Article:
Forest fire smoke chokes region

Forest fire smoke chokes region

EUGENE, Ore. - Smoke from a wildfire in Central Oregon crept back into the Willamette Valley on Monday, slowly but surely driving air quality numbers to their unhealthiest level since the fire started.

Air quality monitors in downtown Springfield, south Eugene and Cottage Grove were recording air quality in the good range on Monday morning, but smoke from the fire was visible in the air and at higher elevations.

The smoke settled as the morning went on, with the air quality pushing into the moderate range by 10 a.m.

By 11 a.m., monitors were recording the worst air quality in a month.

And by the noon hour, air quality had hit the unhealthy range. People with breathing problems should avoid the smokey air.

"After a strong onshore flow kept the area clear of smoke over the weekend, winds shifted overnight, pushing smoke over to the west side of the Cascades," said Sally Markos, spokesperson for the Lane Regional Air Protection Agency (LRAPA).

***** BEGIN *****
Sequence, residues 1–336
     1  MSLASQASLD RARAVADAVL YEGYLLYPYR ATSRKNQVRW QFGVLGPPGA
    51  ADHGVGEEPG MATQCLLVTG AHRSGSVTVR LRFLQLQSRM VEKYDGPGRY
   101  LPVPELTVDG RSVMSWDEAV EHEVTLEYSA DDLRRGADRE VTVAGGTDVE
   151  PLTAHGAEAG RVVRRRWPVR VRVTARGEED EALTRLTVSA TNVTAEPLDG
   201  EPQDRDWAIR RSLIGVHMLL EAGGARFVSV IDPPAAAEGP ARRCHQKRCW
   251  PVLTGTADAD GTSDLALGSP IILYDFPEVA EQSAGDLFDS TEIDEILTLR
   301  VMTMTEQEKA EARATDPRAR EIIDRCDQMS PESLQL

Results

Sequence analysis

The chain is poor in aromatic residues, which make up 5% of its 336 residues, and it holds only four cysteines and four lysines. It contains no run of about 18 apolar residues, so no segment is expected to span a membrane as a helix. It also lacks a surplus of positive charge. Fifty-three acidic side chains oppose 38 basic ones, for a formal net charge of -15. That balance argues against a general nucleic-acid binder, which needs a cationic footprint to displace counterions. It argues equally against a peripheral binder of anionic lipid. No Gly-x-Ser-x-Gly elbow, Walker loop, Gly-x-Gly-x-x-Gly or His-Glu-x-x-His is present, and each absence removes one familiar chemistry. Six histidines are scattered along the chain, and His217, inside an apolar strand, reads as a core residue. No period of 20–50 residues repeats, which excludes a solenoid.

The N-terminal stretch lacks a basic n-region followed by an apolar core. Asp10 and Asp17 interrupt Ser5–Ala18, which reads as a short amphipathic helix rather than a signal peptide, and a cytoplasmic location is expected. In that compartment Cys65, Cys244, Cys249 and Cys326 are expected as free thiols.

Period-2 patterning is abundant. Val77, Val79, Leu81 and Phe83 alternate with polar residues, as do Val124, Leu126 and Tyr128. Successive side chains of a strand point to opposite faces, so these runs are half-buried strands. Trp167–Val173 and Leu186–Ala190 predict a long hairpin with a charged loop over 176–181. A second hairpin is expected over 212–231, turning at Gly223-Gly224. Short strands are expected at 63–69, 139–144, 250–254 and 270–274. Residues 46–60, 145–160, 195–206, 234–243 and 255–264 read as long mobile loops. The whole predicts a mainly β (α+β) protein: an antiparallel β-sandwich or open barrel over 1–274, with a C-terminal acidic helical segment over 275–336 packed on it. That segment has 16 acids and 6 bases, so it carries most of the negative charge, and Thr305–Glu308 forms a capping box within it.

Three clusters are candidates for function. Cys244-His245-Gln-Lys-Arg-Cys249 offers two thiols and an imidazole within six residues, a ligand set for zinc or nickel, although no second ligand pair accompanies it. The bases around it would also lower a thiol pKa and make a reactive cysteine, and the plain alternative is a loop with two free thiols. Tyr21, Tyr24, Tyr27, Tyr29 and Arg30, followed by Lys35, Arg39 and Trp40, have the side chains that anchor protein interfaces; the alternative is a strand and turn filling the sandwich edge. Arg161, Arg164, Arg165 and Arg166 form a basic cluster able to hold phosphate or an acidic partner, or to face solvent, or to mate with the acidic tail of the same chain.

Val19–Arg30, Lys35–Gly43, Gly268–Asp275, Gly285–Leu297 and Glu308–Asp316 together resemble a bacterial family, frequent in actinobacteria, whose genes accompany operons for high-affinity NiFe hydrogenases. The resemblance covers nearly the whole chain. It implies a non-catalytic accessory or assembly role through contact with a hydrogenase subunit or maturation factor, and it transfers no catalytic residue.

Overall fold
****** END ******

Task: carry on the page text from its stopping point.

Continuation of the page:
The Pole Creek fire near Sisters has burned across 16,500 acres.

Some of the smoke comes from the wildfire's active burning; other smoke comes from "burnout" activities by firefighters, where crews use fire to intentionally burn fuels and create a containtment barrier around the wildfire.

The National Weather Service is forecasting southwest winds for Tuesday, which should clear the smoke out of the valley.

Central Oregon and Washington - where a massive complex of fires is burning - face inversions trapping smoke in valleys like a lid on a pot.

Northwest residents sensitive to smoke pollution should take precautions if local air quality deteriorates.